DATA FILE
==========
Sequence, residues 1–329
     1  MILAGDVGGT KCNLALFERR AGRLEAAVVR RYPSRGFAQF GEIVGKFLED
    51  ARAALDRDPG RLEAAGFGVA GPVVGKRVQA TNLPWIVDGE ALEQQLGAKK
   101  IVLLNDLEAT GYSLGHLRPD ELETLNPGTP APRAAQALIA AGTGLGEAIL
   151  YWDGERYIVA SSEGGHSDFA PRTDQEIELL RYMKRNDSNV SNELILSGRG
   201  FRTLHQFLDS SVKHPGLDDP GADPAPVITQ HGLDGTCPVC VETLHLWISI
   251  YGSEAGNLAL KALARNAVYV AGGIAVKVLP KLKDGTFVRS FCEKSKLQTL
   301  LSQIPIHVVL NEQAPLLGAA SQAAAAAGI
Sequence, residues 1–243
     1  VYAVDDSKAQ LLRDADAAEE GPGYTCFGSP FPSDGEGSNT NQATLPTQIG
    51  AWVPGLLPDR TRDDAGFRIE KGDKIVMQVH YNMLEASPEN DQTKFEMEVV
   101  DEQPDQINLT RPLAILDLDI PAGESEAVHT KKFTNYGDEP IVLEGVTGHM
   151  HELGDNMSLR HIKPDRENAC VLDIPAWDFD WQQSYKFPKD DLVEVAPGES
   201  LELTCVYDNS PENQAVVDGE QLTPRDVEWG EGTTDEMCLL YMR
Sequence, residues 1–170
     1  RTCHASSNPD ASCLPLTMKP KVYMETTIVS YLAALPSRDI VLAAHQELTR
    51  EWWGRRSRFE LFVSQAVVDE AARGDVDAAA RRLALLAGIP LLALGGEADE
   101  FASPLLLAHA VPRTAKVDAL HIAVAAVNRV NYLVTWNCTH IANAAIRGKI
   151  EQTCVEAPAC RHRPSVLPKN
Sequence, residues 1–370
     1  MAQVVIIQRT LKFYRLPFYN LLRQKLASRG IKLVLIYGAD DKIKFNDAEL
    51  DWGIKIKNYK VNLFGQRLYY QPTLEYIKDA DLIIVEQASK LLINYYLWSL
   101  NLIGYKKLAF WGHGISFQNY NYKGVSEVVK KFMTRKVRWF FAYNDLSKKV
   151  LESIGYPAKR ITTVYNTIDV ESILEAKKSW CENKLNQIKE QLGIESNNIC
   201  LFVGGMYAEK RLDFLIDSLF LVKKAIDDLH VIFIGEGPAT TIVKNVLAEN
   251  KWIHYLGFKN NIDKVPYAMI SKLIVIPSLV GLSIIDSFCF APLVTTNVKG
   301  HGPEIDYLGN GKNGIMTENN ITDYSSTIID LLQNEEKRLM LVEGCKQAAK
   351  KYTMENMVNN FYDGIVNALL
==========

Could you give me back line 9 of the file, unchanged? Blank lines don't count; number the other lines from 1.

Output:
Sequence, residues 1–243